6. This may be my last non-gardening winter, if that is the case. I do miss real broccoli in the winter.
    Resisting greenhouse temptation was a snap when it sounded like lettuce was the only crop, since I dislike lettuce.

  7. Man do I have a lot to learn.

  8. Geez, I am salivating. I know I am not prepared to maximize my hoop house’s potential this year, but next year….

    I would LOVE to see your timeline of when/how you start seeds to maximize the two greenhouses. Since I happen to have a second piece of greenhouse plastic.

    I can hardly WAIT to be eating from the hoophouse, although we still have a bit of lettuce in the fridge from the garden, so I can’t really complain.
    Ali in Maine

  9. Okay, Pamela: you really don’t like lettuce? Wowza. The greenhouse is kind of chilly so hardier veggies are needed. Most of the brassica family works, though it probably won’t be sunny enough in there for the cauliflower to head up and cabbage might freeze. All the root crops do fine. Of course hot-season crops that don’t like to be transplanted (beans, squash, cucumber) would have to wait until spring. But you definitely can get a leg up by transplanting the solanacea crops (tomatoes, peppers, eggplant) early to the greenhouse as a way-station.

    Jules, me too!

    Ali, don’t sweat it. I only had the time to plant 6 out of 9 beds last winter in mine, and even then I didn’t quite maximize things. It was a great lesson though and it helped me plan better for this year (and the 2nd greenhouse). As far as a timeline goes, well…I admit I am kind of slipshod there. I have two beds in the regular garden that are ONLY transfer beds where all stuff that doesn’t mind getting moved gets seeded successionally. It’s about mid-July when I get started thinking about the fall/winter greenhouse. I make 2nd plantings in those beds (1st ones are already growing for summer) of broccoli, kale, leeks, onions, radicchio and the like. IN the greenhouse itself at the same time I will plant carrots and other long-growing root crops. I wait for mid-late August (you might aim for mid-) to do a first planting of lettuce/arugula. They’ll get moved to the greenhouse in mid- to late Sept. when they have between 4-8 leaves.

    The only real juggle is waiting for the greenhouse to cool down enough for the cold-loving lettuces to be in there and not bolt. Cross-ventilation is pretty key here…but you will need to figure out how to make yours chicken-proof until you seal it up tight! I take the plastic off my doors in the summer and substitute bird netting.

    But the great thing about the lettuce in your greenhouse? It’s got a LONG growing season, so you won’t feel rushed to eat it. The rush comes in Feb/Mar when the longer daylight signals new growth!

  10. Thanks so much on your further thoughts about seeds from that company. I’ve been working on a spreadsheet comparing the prices of the seeds I want to buy in the spring from various companies (including their shipping and handling costs) and that company is actually on the mid-to-high side of what I’m looking for right now. I know that cheap isn’t always the best deal, but I was kinda surprised by that outcome.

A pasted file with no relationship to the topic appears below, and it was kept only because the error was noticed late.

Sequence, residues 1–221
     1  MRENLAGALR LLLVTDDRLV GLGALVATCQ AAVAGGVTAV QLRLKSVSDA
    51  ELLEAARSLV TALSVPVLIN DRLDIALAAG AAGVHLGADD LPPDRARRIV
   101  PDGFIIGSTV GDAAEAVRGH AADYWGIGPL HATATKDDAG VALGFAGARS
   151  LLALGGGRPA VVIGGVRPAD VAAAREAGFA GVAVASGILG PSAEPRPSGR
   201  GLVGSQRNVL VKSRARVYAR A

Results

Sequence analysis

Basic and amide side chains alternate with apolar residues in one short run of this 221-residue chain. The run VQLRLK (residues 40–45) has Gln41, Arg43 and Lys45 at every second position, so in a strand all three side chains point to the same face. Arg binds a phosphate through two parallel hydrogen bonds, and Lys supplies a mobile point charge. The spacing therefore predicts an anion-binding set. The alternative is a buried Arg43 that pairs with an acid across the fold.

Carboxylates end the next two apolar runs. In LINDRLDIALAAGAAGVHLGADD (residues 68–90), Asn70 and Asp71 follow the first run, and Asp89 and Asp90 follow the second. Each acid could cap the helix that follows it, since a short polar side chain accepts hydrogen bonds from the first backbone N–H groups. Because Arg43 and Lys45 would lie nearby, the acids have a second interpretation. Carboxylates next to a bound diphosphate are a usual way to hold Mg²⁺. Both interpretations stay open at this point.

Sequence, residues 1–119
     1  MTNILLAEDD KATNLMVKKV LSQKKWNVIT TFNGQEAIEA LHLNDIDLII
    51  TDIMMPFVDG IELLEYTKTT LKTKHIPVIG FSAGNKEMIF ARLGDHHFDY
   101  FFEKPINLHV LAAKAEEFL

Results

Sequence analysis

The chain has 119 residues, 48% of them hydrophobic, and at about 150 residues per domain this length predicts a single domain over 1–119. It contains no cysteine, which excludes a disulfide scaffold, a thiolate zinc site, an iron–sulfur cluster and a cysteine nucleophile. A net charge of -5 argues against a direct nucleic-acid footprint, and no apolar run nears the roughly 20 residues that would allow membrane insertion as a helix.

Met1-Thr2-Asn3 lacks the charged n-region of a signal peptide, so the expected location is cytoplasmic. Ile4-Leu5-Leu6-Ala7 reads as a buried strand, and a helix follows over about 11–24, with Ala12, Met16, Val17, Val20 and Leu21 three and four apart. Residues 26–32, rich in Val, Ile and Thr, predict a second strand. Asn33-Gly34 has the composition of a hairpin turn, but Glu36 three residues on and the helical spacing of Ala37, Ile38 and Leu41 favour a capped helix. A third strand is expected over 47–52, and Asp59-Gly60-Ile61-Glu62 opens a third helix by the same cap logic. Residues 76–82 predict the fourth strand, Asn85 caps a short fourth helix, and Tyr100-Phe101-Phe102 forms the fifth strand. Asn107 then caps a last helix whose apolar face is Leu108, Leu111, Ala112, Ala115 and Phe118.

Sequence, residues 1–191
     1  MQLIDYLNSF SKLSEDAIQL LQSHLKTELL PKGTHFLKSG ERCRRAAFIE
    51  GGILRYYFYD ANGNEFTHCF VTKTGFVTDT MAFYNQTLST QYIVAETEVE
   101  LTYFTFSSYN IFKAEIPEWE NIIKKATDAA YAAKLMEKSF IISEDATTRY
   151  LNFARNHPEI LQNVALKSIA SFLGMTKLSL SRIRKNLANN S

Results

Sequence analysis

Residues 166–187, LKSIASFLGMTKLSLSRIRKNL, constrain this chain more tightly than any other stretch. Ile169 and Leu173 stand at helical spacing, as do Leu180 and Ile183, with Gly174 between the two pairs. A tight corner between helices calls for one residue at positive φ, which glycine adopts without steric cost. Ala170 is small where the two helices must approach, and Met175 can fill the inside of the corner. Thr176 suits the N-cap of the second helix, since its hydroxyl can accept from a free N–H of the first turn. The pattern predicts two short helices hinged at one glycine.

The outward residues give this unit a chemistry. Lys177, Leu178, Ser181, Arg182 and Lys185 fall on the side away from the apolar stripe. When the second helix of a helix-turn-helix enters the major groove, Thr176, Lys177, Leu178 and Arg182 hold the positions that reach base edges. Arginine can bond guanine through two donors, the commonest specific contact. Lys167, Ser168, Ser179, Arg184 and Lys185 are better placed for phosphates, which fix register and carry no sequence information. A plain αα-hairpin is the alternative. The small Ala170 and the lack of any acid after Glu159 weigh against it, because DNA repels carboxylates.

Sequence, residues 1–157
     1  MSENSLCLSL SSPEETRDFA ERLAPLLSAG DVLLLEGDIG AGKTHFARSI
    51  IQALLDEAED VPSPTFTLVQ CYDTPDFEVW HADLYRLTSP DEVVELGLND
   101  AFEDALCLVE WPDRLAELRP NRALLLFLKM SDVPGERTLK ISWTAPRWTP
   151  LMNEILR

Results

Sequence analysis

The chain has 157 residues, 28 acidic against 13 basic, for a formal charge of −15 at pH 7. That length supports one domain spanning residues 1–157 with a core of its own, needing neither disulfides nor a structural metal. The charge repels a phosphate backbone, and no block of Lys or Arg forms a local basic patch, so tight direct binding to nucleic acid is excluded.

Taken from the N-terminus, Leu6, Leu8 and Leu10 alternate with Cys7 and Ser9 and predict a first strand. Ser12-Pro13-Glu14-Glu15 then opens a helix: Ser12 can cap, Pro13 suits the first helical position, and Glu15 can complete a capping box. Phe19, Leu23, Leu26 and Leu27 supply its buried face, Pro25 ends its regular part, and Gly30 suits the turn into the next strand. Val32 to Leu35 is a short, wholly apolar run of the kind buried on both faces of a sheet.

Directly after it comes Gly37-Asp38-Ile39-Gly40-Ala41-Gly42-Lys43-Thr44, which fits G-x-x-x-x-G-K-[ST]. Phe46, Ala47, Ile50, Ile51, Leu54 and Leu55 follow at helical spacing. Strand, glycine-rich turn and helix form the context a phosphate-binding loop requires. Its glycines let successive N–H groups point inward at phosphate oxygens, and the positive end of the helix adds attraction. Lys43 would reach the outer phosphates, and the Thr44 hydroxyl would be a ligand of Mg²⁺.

Of course, I am not taking the number of seeds in a packet into account, since I have a small garden and need only a few seeds (which means pinetree’s mini-packets are perfect for me). On a per-seed basis, that other company might come out ahead, but that’s not the relevant metric for me.

  11. Hey Katxena, I am not sure where you’re gardening, but I agree Pinetree is a pretty good company to work with. If you are wondering about comparing seed companies, Dave’s Garden Watchdog is a great source (especially if you are ordering things bigger than packets of seeds). Good luck with the spreadsheet! Wow, that is ambitious…but I suppose it would be helpful if you kept it updated.

  12. I’m with you, when I see how much less canning I’m doing with the greenhouses going full swing. I’m hooked. I got by this year canning mostly fruits and green beans, (which I like canned) fresh is better any day of the week. Can you really get a decent $5.00# organic salad there? Around here it is about $8.00. Which just means my greenhouse got paid for sooner. 🙂

  13. Nita, I have no idea how much bags of organic salad are going for around here 😉 ! This was just what she had told me she paid for those bags…which I am sure are even less than a pound. But isn’t it great, just knowing the thing is out there? I would love to learn what you do in the winter with yours…I know you turn one of them over to turkey/chicken brooding, and then I know the sheep get to get in there and eat the summer crops, but are you getting lettuce stuff too? You get pretty cloudy as well and so I was wondering what kind of slug or whatever problems you get.

    But yes I love canning too…but it’s a multi-pronged approach that works best, don’t you think? I’m just so glad I can go out and pick what I need, especially things like parsley and scallions to sex up the (canned or frozen) dinner fare.

  14. Ooooo! Thanks for the link! I’ll definitely check that out. My crazy seed spreadsheet lets me day dream about gardening all winter — since I don’t have a greenhouse to keep me busy! 🙂

  15. I am experiencing real greenhouse envy